Therefore, the incorporation of rice flour in product formulations is an excellent strategy to confer functional characteristics to gluten-free products without increasing the final product’s cost, meeting the needs of individuals with nutritional diseases such as celiac disease and consumers who are increasingly looking for healthier foods [8].

The purchase intention test obtained 70% of positive intention—would probably buy or would certainly buy the product (values 4 and 5). The negative intention, that is, people who certainly or probably would not buy (values 1 and 2) totaled 7% (values 1 and 2), while 23% of testers were not sure (value 3) (Figure 1(B)).

According to [34], the consumer’s intention to buy a food product is guided by a very complex process, influenced by different variables such as price, convenience and marketing, but the sensorial attributes of the product are essential to confirm the decision.

Sensorial attributes of flavor, color, texture and overall acceptance obtained averages of 7.17, 6.79, 6.41, 7.34, respectively, varying between the terms “liked slightly” and “liked moderately”. Results indicate, in general, good sensorial acceptance of the cake. A study on the acceptability of biscuits prepared with cowpea, andu and mangalo beans, considered the same attributes and obtained lower averages: 5.16, 6.47, 6.85, 5.85, respectively [35].

Results indicate that the product presents acceptable sensorial characteristics, showing the viability of the use of RF and CF in the development of cakes. In addition to the incorporation of raw materials from RF in food processing, it can be included in school menus, according to the guidelines of the National School Feeding Program [36]. Additionally, the proposed flour mixture meets the demand for celiac patients (gluten-free foods) and represents a complementary/ alternative option for the treatment of patients with sickle cell disease through the improvement of their prognosis and health status [5]. Moreover, since the annual per capita household consumption of beans and rice has dropped in Brazil, it promotes their consumption in the daily diet as recommended by the Brazilian Food Guide [11].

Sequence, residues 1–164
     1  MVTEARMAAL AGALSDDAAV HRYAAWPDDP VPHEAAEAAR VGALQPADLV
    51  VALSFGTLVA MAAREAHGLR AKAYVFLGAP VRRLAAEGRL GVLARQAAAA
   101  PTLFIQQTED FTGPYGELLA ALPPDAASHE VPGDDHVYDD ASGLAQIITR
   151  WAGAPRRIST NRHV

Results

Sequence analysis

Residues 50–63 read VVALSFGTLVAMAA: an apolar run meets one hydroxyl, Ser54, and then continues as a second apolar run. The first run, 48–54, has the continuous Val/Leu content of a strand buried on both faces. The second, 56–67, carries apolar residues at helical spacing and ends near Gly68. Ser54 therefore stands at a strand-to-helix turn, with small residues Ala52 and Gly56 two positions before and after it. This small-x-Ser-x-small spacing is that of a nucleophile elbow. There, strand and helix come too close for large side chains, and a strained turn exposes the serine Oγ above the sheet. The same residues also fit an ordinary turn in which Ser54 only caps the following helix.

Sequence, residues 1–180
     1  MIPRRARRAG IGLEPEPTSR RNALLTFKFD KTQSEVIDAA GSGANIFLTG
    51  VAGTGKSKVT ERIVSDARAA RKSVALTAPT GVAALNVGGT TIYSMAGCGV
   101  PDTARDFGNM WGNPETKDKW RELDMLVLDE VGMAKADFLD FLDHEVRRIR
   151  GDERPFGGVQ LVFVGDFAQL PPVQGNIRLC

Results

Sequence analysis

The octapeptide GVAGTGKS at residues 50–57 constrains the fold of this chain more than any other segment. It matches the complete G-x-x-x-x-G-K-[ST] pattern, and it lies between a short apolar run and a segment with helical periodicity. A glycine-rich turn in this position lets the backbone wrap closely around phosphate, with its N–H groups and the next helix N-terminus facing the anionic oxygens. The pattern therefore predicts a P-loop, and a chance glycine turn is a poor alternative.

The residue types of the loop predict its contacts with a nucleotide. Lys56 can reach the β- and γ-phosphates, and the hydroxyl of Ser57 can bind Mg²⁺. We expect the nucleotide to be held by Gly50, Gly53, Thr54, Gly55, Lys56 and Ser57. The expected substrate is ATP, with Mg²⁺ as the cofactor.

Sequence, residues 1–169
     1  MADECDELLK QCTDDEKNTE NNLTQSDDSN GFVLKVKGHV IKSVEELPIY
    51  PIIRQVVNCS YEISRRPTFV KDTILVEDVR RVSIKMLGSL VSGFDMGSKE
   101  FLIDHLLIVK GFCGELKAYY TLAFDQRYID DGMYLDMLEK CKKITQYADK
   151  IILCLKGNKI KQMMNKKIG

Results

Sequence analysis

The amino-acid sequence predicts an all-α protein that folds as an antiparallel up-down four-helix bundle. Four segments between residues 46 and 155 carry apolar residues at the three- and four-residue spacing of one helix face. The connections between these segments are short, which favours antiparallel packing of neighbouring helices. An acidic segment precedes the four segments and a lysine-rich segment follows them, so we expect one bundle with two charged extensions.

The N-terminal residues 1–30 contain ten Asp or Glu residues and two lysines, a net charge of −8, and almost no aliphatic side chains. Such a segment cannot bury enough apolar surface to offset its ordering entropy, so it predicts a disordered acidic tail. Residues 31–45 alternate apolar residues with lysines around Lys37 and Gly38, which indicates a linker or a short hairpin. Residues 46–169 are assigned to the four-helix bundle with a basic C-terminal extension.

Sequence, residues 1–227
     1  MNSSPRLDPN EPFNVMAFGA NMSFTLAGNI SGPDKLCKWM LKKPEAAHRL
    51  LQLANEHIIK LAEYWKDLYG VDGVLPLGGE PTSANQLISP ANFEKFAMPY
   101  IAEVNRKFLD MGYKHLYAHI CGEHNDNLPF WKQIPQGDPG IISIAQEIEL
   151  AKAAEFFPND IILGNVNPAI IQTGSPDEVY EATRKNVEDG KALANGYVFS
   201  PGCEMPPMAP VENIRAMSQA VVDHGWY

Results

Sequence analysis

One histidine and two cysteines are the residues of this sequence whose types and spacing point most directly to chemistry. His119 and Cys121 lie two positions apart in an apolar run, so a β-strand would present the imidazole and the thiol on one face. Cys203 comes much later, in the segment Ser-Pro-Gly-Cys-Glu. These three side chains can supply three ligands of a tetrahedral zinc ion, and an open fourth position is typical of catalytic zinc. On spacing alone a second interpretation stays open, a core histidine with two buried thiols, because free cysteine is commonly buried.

3.3. Physicochemical and Microbiological Evaluations

Results of the centesimal analysis of the PF30% formulation are shown in Table 4.

The cake can be classified as of low acidity, since its pH is higher than 4.5 (Table 4). Therefore, it is extremely important to control this product characteristic during storage [37]. The average acidity of the product is 0.94. Cake recipes

Table 4. Physicochemical analysis of the cake made with flour mixture of rice and Pigeon flour.

developed with 7% and 30% of watermelon inner skin flour found “after cooking” pH of 7.65 and 6.66, respectively [38]. However, the formulations showed higher acidity (1.0 and 4.56) than the product developed in the present study.

The average Water Activity (WA) of the product is 0.92, slightly higher than that found by other authors. One study [39] found WA ranging from 0.716 to 0.918 for different types of chocolate cake toppings, while [40] obtained average values ranging from 0.880 to 0.900, when evaluating the influence of oat and fat contents on the technological and functional characteristics of cakes. The moisture content of the studied product was 27.25%. This value is lower than the one found in [41], for cakes made with white bean flour (32.83%). In the study mentioned, it was observed that high levels of moisture are found in cakes with dietary fiber, which is explained by the property of the fibers to retain and maintain water in their structure during the cooking process. The content of fibers observed in our product is 12.53, which is much higher than the values found in [41] in cakes containing 50% of white bean flour (5.18%).

This product showed lower lipid content (6.44) when compared to the findings in [37], which evaluated 3 cake formulations using 8.87% wheat flour (F1) and mixed wheat flour substitute as follows: 12.13%(F2), 10.09% (F3).